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    Quote Originally Posted by Teacher Terry View Post
    I am so very happy to see Ryan go. I still have many friends/family in WI and they are all happy with this event too. It is really ironic that we give huge tax breaks to wealthy corporations, etc and then want to cut programs that people have earned and paid into (SS, Medicare, etc). These are not entitlements they were earned. Plus we want to hurt the people that make the least $ in this country. I guess some will be happy when you have seniors on the streets not having anywhere to live, eat or be able to pay for their prescriptions because they are such a drag on our society. They can die from neglect and then there will be more $ for the wealthy. Happy days
    I'm glad he will is going also. He was not an asset IMO.

  5. #15
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    Quote Originally Posted by LDAHL View Post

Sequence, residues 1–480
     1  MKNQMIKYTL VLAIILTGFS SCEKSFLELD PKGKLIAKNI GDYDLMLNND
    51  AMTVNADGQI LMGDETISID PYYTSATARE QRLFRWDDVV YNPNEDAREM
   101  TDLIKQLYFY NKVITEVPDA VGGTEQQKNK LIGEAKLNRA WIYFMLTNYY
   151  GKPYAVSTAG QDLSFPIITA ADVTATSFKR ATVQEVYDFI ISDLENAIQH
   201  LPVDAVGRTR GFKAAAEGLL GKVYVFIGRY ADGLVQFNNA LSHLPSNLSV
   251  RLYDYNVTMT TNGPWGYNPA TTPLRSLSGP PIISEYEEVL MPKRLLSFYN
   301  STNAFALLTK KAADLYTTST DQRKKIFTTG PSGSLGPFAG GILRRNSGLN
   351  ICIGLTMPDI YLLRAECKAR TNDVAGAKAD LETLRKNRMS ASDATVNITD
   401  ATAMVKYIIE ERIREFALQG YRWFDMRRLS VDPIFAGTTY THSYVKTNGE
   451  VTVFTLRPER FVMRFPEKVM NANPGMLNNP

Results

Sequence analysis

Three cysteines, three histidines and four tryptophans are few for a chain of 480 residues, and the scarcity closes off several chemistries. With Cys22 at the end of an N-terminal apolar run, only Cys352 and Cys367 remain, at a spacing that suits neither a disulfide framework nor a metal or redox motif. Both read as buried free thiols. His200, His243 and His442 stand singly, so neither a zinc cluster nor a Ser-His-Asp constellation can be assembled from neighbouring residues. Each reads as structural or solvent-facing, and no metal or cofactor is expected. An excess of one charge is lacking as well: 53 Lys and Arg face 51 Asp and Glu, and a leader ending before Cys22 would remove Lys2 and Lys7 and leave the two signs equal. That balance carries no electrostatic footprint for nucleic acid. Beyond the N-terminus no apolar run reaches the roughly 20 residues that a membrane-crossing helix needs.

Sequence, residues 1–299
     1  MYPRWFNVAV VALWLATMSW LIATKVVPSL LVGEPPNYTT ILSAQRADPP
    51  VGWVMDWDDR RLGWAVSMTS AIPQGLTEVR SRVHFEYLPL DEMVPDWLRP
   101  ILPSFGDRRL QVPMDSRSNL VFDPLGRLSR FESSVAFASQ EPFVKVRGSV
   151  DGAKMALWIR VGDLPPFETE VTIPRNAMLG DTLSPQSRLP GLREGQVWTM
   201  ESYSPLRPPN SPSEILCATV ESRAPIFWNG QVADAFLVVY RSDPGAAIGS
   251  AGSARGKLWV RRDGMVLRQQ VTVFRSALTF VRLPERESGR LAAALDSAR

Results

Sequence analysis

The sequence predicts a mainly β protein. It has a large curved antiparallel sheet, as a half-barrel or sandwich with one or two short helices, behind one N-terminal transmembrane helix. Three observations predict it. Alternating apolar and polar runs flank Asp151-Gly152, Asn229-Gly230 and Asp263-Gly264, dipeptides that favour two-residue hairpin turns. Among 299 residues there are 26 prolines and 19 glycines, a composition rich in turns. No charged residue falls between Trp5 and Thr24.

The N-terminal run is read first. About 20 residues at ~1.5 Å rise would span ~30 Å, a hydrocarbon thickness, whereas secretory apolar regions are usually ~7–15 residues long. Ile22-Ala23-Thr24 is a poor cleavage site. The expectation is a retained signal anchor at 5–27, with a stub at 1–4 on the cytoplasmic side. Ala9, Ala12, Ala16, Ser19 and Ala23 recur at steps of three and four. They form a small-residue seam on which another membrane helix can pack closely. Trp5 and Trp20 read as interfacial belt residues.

To be fair, if you adjust for us shooting and crashing our cars into each other more frequently than more docile countries, a significant part of the difference can be accounted for.
    BS... show us the numbers.

  6. #16
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    Quote Originally Posted by frugal-one View Post
    BS... show us the numbers.
    Since you asked so nicely, here you are:

    https://www.cnn.com/2016/02/09/healt...ans/index.html

  7. #17
    Senior Member jp1's Avatar
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    Quote Originally Posted by LDAHL View Post
    Since you asked so nicely, here you are: